The Resilience Atlas and associated analyses are intended for advisory use only. This tool is designed to provide a regional-scale illustration of sea level rise vulnerabilities, existing protections, nature-based adaptation opportunities, and to improve awareness of and preparedness for the impacts of sea level rise in the San Francisco Bay Area.
The Resilience Atlas does not constitute an adaptation plan. Additional study, planning, and engineering is necessary to develop adaptation plans using the opportunities, vulnerabilities, and other data identified herein. Mapped data are not detailed to the parcel-scale and should not be used for navigation, permitting, regulation, project review, mitigation, actuarial estimates, or other legal uses. While the maps use the best available data at the time of their publication, SFEI does not guarantee that the data remain current or accurate.
Included data are based on and limited to the methods detailed in the metadata for each layer. Details on the authorship of data layers, methods used to create data layers, and/or relevant reports or resources for more information are available within the “About // Downloads” section of this web map.
Use of the Resilience Atlas and associated data indicates that you acknowledge that you have read, understood, and agree to the terms of this disclaimer.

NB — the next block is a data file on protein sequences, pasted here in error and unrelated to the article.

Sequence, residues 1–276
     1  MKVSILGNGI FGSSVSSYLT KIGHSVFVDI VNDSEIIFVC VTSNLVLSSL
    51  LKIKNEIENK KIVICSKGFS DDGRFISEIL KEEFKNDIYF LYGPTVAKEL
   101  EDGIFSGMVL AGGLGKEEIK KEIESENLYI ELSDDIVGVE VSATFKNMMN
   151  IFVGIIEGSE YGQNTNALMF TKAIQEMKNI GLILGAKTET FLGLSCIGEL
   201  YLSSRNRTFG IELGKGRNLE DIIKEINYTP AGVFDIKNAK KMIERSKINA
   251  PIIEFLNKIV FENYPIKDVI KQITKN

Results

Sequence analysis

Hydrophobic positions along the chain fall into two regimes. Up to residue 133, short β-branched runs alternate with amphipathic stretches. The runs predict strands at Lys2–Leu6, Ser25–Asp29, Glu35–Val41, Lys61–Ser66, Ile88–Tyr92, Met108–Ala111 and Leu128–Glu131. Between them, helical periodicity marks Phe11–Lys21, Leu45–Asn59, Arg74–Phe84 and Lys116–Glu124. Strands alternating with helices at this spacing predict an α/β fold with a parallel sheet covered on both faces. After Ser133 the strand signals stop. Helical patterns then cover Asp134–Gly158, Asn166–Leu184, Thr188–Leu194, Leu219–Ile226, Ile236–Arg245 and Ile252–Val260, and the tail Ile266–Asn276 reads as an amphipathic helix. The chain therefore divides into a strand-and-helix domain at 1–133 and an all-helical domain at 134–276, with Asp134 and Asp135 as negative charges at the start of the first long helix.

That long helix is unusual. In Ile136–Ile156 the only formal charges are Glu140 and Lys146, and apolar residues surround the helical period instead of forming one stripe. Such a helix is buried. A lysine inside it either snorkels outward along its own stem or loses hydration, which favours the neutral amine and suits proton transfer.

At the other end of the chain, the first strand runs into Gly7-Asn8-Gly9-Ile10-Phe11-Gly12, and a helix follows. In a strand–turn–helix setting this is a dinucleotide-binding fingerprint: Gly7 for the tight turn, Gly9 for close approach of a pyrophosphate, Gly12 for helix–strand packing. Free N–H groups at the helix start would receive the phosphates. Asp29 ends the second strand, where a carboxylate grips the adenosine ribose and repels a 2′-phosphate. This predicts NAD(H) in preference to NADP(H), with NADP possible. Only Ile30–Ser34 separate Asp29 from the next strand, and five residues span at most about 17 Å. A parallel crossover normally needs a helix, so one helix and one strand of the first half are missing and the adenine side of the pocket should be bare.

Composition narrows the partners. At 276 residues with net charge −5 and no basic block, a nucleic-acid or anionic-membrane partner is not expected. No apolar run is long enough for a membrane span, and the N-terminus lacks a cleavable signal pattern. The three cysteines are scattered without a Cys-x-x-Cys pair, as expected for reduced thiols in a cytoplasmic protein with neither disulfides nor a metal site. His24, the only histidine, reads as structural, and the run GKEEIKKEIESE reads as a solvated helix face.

The Resilience Atlas visualizes the past, present and future conditions of San Francisco Bay and its local watersheds by combining layers of information, such as flood infrastructure, shoreline change over time, and sea level rise. The Resilience Atlas is an interactive platform created by the San Francisco Estuary Institute (SFEI), with funding from the Bay Area Integrated Regional Water Management (IRWM) program, managed by the San Francisco Estuary Partnership (SFEP). Ancillary funding was also contributed by the Santa Clara Valley Water District (SCVWD).
This project aims to aid regional planning efforts by providing access to an online repository of key datasets related to ecosystem resilience around the Bay shore to restoration managers, governmental organizations, nonprofits and citizens.
Our interactive interface allows users to explore the relationships between shoreline characteristics, habitats, infrastructure, adaptation strategies and vulnerable communities, overlaid with sea level rise scenarios. The Resilience Atlas will host map-based stories that highlight examples of completed adaptation projects and what can be done in areas vulnerable to sea level rise, subsidence, flooding and other challenges.
For more information on how to use the Resilience Atlas, watch the tutorial below:
Do you have ideas on how the Resilience Atlas can be improved? Email us at firstname.lastname@example.org.
To download Adaptation Atlas GIS data, visit the Adaptation Atlas Data Center page.
To delineate individual OLUs, we first identified three major geomorphic unit types along the shore: (1) headlands and small valleys, (2) alluvial fans and alluvial plains, and (3) wide alluvial valleys. These distinct units are distinguished by different underlying geology and resulting landscape morphometrics, such as slope of the shoreline, the width of the baylands, and watershed size. Once determined, geomorphic units were further divided into individual Baylands OLUs by different methods for each unit type based on topographic and bathymetric considerations in addition to landscape morphology considerations. For more information and deatiled methods on how each geomorphic unit type and Baylands OLU was delineated, see the San Francisco Bay Shoreline Adaptation Atlas (2019) report.